In 2010, only 62.5 percent of high school graduates in the United States attended college. That number was even lower for western states. For example, Utah sent 53.3 percent of its high school graduates to college and Idaho sent 45.1 percent. Just last year, only 24.8 percent of Americans ages 25–34 years old had obtained their Bachelor’s degrees. As the economy continues to recover and as policy wonks argue about approaches to new challenges, very few disagree with one key imperative: investing in a better-educated and more-skilled workforce.
Investing in America’s future workforce is the most viable long-term strategy for helping us emerge from financial crisis and for laying the long-term foundation fora strong, competitive global economic position. This investment will require real focus on making meaningful improvements to student learning and will require each state in our union to make at least four critical, integrated steps.
First, we must define and agree on the ultimate desired outputs of our school systems. With objectives clearly delineated, some priorities will be forfeited – in an environment of scarce resources, this reality is always the case; but even in resource-rich situations, prioritization is key to defining and achieving success. This is not to suggest that important programs be cast aside, but often, our school systems are forced to address so many disparate agendas and issues, it is virtually impossible for them to be truly successful at achieving meaningful progress. We simply need better definition around what priorities are most important for our schools, so that appropriate focus can be paid to these priorities, in terms of how we invest dollars, resources, and time. Defining outputs for which our school systems are responsible in clear and unequivocal terms will ultimately be the first step in paving a path to success.
Second, we must set milestones at key intervals throughout the student lifecycle. If we continue to determine the success of our school system solely by the standards of high school completion and college readiness, we will continue to be coroners—diagnosing problems after it is too late. Setting “gatekeeper” indicators instead—such as first grade readiness, reading proficiency at the third grade, and completion of beginning algebra and biology by the eighth grade—will enable us to remediate challenges for individual students, and address issues across America’s education system writ large, in a much more targeted and effective manner. With such milestones, we can increase the likelihood of student success and completion and better prepare all students in achieving their subsequent college and career goals.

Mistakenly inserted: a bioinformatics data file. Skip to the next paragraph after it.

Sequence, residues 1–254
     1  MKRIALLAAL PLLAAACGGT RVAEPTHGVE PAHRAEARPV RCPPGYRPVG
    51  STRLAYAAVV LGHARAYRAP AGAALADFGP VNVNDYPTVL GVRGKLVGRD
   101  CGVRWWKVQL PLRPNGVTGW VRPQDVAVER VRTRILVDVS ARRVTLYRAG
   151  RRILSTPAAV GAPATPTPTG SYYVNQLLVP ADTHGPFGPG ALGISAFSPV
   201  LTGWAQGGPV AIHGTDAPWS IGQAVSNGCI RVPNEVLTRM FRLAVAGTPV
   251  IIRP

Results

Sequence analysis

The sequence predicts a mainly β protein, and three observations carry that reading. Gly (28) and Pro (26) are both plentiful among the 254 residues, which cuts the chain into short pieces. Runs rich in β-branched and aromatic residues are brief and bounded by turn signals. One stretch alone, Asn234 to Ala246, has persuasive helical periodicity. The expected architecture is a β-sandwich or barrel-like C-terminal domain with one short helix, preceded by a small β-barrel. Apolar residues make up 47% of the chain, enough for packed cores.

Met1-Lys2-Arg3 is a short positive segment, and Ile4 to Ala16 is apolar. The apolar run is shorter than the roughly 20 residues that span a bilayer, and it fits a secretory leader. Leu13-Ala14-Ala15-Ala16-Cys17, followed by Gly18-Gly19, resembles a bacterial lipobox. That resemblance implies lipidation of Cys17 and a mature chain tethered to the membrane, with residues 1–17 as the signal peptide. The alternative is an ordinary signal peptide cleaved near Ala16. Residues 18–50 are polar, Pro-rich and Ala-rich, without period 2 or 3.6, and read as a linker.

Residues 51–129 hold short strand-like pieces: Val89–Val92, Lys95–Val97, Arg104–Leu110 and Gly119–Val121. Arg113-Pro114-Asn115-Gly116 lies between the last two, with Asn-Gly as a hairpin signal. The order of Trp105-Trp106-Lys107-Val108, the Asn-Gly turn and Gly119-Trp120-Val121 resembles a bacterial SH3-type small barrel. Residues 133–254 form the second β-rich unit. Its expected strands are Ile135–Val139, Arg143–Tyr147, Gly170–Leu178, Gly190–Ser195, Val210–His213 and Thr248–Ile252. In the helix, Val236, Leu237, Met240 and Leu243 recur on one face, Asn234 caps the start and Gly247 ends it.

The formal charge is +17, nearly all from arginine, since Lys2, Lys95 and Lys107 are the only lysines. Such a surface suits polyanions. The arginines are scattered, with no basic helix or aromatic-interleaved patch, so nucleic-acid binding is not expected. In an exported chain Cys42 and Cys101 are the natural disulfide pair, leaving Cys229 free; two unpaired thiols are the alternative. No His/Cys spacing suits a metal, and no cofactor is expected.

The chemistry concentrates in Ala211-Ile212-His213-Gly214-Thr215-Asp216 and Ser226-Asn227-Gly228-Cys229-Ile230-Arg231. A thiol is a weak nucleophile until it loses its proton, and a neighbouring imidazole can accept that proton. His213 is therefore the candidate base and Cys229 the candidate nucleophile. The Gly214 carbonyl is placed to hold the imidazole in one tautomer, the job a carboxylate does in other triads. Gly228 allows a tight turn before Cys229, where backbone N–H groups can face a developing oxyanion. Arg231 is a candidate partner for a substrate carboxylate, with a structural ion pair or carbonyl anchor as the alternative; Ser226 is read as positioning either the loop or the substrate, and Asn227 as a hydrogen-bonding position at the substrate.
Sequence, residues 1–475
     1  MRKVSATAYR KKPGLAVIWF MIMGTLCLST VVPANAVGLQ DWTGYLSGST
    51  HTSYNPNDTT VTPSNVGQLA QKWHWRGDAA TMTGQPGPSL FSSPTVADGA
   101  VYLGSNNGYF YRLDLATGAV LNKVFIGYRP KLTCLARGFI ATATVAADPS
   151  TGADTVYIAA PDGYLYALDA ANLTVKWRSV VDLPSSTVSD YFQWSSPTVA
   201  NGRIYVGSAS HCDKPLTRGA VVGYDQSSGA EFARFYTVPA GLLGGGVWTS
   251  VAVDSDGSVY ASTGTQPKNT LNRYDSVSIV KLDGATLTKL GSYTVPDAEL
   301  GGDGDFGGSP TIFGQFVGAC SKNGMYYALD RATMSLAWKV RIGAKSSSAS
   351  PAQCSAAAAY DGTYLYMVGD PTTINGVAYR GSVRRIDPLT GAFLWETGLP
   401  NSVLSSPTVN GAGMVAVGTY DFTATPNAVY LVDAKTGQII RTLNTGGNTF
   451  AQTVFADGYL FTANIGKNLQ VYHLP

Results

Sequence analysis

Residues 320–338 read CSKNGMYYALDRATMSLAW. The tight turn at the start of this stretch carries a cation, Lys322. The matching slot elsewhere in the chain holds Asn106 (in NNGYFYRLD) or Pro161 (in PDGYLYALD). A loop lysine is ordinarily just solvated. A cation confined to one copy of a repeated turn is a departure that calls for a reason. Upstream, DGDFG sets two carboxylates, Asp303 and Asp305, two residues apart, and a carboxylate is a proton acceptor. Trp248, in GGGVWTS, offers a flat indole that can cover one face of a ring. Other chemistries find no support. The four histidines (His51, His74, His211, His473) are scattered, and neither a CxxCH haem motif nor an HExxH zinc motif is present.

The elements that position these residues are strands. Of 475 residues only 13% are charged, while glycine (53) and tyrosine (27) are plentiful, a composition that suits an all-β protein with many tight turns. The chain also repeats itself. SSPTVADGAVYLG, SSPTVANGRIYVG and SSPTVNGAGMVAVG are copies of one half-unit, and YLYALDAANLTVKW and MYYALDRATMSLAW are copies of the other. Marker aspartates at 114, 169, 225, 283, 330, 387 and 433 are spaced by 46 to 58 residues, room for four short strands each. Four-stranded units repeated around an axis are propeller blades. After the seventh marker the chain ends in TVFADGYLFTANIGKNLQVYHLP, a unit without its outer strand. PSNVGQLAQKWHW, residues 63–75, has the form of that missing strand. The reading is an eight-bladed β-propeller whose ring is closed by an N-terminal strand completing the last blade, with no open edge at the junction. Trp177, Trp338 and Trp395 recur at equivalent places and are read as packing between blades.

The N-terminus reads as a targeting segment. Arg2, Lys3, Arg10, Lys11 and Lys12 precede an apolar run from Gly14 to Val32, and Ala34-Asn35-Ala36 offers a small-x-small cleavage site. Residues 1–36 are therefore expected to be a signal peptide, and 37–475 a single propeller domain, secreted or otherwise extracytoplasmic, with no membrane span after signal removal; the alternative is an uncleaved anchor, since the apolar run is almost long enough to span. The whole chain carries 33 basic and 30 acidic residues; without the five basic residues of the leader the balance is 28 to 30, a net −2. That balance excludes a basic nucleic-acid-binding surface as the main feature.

Third, we must match high school graduation requirements with college entrance requirements. This will not pigeonhole all students into going to college; rather, it will increase graduates’ choices by equipping them with the credentials and capacity to pursue both higher education as well as career opportunities appropriately, and ensure preparedness and fit with institutions of postsecondary education.
Finally, we must connect the high school and college experience in more meaningful, relevant, and forward-thinking ways. Integrated career pathways should be developed to take a student from the 11th grade through the first two years of college in three years. With an associate’s degree in hand, and significant preparation for greater in-depth study, our graduates will be empowered to contribute to the economy by obtaining a specialized, high-paying job, or continuing university education, or both. To bolster this connection, institutions of higher education should actively share data collected regarding individual student achievement during the first two semesters with the students’ former high schools, enhancing capacities to make education more rationalized and relevant at all levels.
At a time when high-quality education is most needed for professional success, the nation must graduate more students and better-prepared students. By prioritizing and setting quantified goals and delineating key indicators of future success for clear interim milestones throughout the K-8 experience, we will better prepare students for high school. By strengthening graduation requirements and matching them with college entrance requirements, we will prepare more students to attend college. And, by integrating higher education with high school, we will create a seamless, effective transition. Such strategic investment in our future workforce will generate substantial societal and economic benefit for the United States.